A Tale of Two Tenors

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It was interesting to hear two of the great tenors of the last
generation – Luciano Pavarotti and Peter Schreier – in
one week last March. Both men are in their early sixties, 62 and
61 respectively, and both were in top voice. Here the
similarities end.

Pavarotti at the Molson Centre
On March 7, Pavarotti and his team came to Montreal with the
usual hype and hoopla reserved for pop icons. The local media
were treating this as the musical event of the year. The last
time Pav was here he sold out Salle Wilfrid Pelletier and the
event was telecast live allowing millions to see and hear him
free. This time Pavarotti tickets for the new 22,000 seat Molson
Centre were gone within hours, although some tickets were made
available two days before the concert. José Carreras drew only
5000 at the old Forum three years ago.

Because the Rudas organisation refused to announce the program in
advance, ticket holders had no idea who would sing what. Many
people didn’t realize that Pavarotti would share the stage with a
protegée, one of promoter Tibor Rudas’s Three Sopranos,
originally scheduled to be the coloratura soprano Kathleen
Costello, replaced at the last minute without explanation by
dramatic soprano Cynthia Lawrence.

As it turned out the program held few pleasant surprises.
Pavarotti was in top form. He handled his arias and Neapolitan
songs with his normal glorious vocal manner. What was missing was
that aspect of musicality and conviction that touches and stirs
his listeners. Small wonder the prevailing commentary was
“That was great for a 62 year old.”

This was the inaugural classical music concert at the Molson
Centre, the new home of the Montreal Canadiens hockey club, and
the amplified acoustics were quite good. Those in the cheap seats
behind the stage were treated to a professional live video of the
event on three overhead screens.

As it developed too much time was given to the orchestra and to
Lawrence. Here are the statistics of the evening. Including
encores, Pavarotti sang 45 minutes, Lawrence sang for 30 minutes
and the orchestra played another 30 minutes of overtures. There
were no high “C”‘s as Rodolfo’s aria from La Bohème
was transposed down a semi-tone. All this would not cause any
concern if not for ticket prices that ranged from $600 to $15
behind the stage. By my rough calculations, for 22000 seats at an
average price of $150, the Rudas / Pav show took in $3.5 million
on this night. As the star I would expect Pav to earn at least $1
million for his 45 minutes. Pretty good for one night’s work. In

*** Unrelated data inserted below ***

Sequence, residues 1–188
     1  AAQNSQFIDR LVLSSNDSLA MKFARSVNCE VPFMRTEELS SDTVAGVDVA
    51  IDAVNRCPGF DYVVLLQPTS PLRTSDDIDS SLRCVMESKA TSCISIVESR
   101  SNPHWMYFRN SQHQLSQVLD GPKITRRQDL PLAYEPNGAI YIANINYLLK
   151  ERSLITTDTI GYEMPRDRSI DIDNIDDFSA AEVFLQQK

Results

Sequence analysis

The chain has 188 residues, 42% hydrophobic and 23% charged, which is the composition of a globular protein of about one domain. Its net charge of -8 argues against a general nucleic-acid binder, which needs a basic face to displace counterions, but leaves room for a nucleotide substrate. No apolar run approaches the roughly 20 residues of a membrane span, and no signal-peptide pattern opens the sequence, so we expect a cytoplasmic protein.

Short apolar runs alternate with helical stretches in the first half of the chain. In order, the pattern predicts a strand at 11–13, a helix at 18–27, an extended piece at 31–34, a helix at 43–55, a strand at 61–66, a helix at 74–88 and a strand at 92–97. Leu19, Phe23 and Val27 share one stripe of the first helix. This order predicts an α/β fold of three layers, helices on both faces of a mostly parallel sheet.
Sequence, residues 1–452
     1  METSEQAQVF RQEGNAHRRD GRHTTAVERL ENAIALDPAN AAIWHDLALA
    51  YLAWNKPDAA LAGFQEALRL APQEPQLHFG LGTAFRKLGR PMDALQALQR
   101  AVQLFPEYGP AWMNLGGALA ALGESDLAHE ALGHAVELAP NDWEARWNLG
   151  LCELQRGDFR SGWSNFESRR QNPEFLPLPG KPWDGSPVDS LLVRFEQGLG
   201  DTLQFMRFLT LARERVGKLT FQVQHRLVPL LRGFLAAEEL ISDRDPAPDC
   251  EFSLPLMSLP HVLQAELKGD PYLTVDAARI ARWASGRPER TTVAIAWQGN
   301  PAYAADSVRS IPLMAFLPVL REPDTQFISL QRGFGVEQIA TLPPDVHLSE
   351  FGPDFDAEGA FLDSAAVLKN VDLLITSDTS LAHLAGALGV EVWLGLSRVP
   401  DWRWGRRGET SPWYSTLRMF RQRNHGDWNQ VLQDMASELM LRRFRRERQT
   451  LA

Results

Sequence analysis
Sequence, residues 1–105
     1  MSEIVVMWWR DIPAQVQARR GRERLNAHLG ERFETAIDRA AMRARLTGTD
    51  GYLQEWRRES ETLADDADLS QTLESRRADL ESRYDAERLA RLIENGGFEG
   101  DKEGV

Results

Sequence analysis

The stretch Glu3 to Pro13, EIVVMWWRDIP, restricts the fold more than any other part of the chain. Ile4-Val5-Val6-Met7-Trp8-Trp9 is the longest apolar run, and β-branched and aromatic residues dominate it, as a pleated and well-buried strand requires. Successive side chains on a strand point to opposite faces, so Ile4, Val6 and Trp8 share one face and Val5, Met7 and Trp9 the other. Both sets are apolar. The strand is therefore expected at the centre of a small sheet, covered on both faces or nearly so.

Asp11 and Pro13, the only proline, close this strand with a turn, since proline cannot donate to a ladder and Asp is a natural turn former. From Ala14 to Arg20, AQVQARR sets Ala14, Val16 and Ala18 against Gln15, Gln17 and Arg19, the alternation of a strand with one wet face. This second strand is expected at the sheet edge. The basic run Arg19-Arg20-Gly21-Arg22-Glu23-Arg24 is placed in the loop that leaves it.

comparison, Michael Jordan and Wayne Gretzky probably earn 1/10
th of that a night.

Schreier at home in Schubert
In contrast, Peter Schreier sang in front of six hundred people
in Toronto’s intimate eight hundred seat George Westin Hall in
the Ford Centre for the Performing Arts. Along with noted pianist
and accompanist András Schiff, he performed Schubert’s Die
schöne Müllerin
. This monumentous song cycle traces the
episodes in the wanderings of a young miller. Not only were
Schreier and Schiff able to bring it to life, but by doing so,
they were able to entrance the audience. This stands out as the
recital of the year.

Peter Schreier is considered today one of the top Mozart tenors
of his generation. In addition to being an acclaimed lieder
singer, he has turned to conducting. Indeed, earlier this year
his double duty as conductor and singer (The Evangelist) in
Bach’s St. Matthew Passion in Chicago received raved reviews.

I must admit that I did not like Schreier’s voice when I first
heard his recordings six years ago. At the time I found his voice
rather hard. Hearing him live has given me cause to reevaluate
his recordings. Schreier’s voice was fresh, well placed and well
projected. For a singer to take one phrase with a whisper and
then seamlessly sing full voice in the next phrase is
demonstration of mastery of his instrument. Schreier did this on
several occasions.

Schubert’s Mullerin cycle was the first body of work that gave me
the push to study voice and music. This performance was like a
deja vu. The partnership of Schreier and Schiff demonstrated how
seasoned professionals create art. András Schiff is the coverboy
for the March issue of Gramophone. In the featured profile,
Schiff said of Schreier “It’s very seldom you find a true
partner” Unlike the performance of the same work with the
bland baritone Andreas Schmidt earlier this season, Schiff’s
accompaniment was inspired and enlightened.

In all, the programmed work and two encores lasting about 70
minutes was well worth the average $40 ticket price.

Luciano Pavarotti passed away on September 6, 2007. See our spotlight for coverage.


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